Simon Barraclough

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Photo Credit: Jamie Ryan

Simon Barraclough is a poet, writer, and editor. His debut full-length collection Los Alamos Mon Amour (Salt 2008) was shortlisted in the Forward Prizes for Best First Collection.

Simon’s other publications include Bonjour Tetris (Penned in the Margins 2010), Neptune Blue (Salt 2011), and The Debris Field (Sidekick Books 2013). His latest collection Sunspots was published by Penned in the Margins last year.

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Hi Simon. Thanks for taking the time to chat. Congratulations on the publication of your latest collection Sunspots with Penned in the Margins. For the uninitiated, can you tell us a bit more about the book and where its genesis began?

Thanks. The book is a long meditation on our neighbourhood star, the most important object in all our lives. I say meditation, but it’s also an impersonation and a playground of ideas: most of the book is written from the Sun’s point of view and it is often female, sometimes male, sometimes neuter, sometimes a deity, sometimes playful and sometimes extremely wrathful and scathing.

The book encompasses science, art, theology, my love-life, linguistic games, a ransacking of literature and art history, and lots more. It began when I wrote the final poem in my previous book Neptune Blue, which ends on a poem called ‘Sol’, written from the point of view of the Sun. This voice really intrigued me and it threw some kind of trip-switch, hurling me into a four-year obsession with our local star. I think it unleashed something in my psyche that was primed to pounce and it also gave me a wonderfully open structure to write the next book and to draw all my aesthetic impulses together.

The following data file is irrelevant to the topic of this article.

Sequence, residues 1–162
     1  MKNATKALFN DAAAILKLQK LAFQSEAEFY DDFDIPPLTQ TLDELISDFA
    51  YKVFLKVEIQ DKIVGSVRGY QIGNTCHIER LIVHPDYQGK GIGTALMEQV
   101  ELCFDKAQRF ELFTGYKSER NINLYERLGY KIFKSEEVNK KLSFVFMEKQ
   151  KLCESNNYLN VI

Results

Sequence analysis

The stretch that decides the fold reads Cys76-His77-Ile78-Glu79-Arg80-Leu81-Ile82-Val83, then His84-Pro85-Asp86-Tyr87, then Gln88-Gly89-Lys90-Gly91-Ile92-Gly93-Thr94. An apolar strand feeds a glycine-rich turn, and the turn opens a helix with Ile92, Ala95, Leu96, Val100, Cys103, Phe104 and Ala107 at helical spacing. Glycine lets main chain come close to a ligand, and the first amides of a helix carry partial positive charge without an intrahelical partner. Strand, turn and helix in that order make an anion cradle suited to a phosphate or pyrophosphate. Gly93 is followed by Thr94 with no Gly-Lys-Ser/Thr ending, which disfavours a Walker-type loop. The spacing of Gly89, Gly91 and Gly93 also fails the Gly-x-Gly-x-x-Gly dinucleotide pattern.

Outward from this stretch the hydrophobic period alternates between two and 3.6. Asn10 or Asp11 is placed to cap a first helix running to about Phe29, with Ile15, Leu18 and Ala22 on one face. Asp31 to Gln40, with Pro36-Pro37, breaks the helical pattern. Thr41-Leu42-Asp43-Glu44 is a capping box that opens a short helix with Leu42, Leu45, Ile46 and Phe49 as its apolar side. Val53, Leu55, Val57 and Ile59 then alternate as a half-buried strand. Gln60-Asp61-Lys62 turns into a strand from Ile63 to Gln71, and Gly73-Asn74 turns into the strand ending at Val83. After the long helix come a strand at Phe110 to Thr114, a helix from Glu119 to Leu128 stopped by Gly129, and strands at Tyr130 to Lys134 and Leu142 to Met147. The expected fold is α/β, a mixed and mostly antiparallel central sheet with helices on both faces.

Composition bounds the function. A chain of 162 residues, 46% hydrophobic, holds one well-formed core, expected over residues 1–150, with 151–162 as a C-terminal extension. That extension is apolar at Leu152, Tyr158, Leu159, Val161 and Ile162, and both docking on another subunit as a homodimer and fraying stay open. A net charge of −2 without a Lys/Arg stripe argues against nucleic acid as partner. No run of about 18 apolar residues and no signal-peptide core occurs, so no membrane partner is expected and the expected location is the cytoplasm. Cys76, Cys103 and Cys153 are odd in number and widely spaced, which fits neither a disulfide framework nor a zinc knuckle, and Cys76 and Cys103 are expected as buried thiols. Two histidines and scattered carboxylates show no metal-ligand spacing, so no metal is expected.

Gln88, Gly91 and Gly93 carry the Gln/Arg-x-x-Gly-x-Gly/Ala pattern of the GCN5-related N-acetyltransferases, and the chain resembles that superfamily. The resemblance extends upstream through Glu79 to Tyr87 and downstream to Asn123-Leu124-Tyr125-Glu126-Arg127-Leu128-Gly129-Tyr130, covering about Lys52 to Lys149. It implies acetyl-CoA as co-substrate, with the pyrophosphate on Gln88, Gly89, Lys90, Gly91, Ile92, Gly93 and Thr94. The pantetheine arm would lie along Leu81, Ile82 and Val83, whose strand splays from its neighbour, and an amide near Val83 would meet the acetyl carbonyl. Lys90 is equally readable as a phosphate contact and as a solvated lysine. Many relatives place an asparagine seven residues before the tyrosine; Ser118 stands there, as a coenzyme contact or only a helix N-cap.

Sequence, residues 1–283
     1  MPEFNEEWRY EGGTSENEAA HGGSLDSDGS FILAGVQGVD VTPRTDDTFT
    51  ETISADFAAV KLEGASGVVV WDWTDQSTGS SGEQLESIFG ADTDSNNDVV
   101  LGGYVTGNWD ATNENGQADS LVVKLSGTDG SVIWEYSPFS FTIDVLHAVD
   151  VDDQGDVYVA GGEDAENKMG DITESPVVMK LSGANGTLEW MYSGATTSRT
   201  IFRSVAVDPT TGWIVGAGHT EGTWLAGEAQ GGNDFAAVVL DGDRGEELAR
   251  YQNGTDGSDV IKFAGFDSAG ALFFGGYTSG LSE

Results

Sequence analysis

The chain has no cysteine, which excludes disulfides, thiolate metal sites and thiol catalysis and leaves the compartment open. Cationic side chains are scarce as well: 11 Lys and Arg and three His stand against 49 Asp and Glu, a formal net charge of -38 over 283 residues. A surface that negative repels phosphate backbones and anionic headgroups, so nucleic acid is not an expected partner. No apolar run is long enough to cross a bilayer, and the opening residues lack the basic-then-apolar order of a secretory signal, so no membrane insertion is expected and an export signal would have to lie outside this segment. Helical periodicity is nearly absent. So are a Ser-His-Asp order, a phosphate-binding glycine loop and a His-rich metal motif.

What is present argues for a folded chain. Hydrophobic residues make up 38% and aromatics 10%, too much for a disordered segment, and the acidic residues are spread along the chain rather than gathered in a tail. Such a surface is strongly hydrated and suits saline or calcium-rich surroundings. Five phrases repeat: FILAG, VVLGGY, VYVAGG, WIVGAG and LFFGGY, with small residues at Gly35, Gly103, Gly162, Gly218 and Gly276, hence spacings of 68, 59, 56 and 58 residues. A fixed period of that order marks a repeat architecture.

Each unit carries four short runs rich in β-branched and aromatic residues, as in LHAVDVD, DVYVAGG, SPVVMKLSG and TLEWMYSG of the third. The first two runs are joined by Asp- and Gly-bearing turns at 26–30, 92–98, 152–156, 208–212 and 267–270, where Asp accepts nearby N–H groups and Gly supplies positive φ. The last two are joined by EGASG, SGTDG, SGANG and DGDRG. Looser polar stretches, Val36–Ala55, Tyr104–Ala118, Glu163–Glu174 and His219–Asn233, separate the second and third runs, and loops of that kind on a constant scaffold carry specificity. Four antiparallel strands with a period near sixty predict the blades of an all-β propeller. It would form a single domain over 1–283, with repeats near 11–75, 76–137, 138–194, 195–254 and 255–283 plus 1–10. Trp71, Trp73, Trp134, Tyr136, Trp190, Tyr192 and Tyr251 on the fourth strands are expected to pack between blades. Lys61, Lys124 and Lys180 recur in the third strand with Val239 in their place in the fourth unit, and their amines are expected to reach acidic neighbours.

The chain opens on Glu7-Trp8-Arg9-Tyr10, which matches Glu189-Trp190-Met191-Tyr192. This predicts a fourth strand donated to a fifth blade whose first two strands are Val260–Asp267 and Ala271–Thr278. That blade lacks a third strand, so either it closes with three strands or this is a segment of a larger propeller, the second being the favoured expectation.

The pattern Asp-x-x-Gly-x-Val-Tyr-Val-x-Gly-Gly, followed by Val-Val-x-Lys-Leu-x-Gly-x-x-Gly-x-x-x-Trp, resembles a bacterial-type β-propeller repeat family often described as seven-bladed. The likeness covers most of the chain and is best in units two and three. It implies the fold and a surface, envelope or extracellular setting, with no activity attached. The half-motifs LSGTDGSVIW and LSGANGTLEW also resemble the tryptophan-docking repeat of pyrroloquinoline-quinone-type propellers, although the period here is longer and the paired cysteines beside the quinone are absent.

There is a playful and experimental element to the collection – lyrical poems, couplets, sonnets, concrete poems, erasure poems, list poems – but all the time the sense of a loose narrative thread when reading it from start to finish. How much tinkering was involved in reaching the finished sequence and was there material that didn’t make it into the final book?

All in all I wrote about 130 untitled poems (some were just one-liners that didn’t see the light of day. Here’s one: ‘Does my prominence look big in this?’) and we whittled it down to about 80.

I had set myself a numerical goal: 121 poems about the Sun. This came from multiplying the 11-year solar cycle from minimum to maximum by itself to come up with a solar-based number that would give me enough space to explore everything I had in mind or might discover.

Sensibly, working with the brilliant Tom Chivers at Penned in the Margins, we trimmed and shaped and hardened the sequence. I’m very glad I wrote all those poems but even happier that we held some back.

 

 

As well as being a conventional poetry collection, Sunspots is also a multimedia stage show which you toured in collaboration with Oliver Barrett and Jack-Wake Walker. As a poet who seems to relish taking poems off the written page and presenting them in new and innovative ways, do you think the old definitions of poetry are becoming increasingly blurred in our digital age?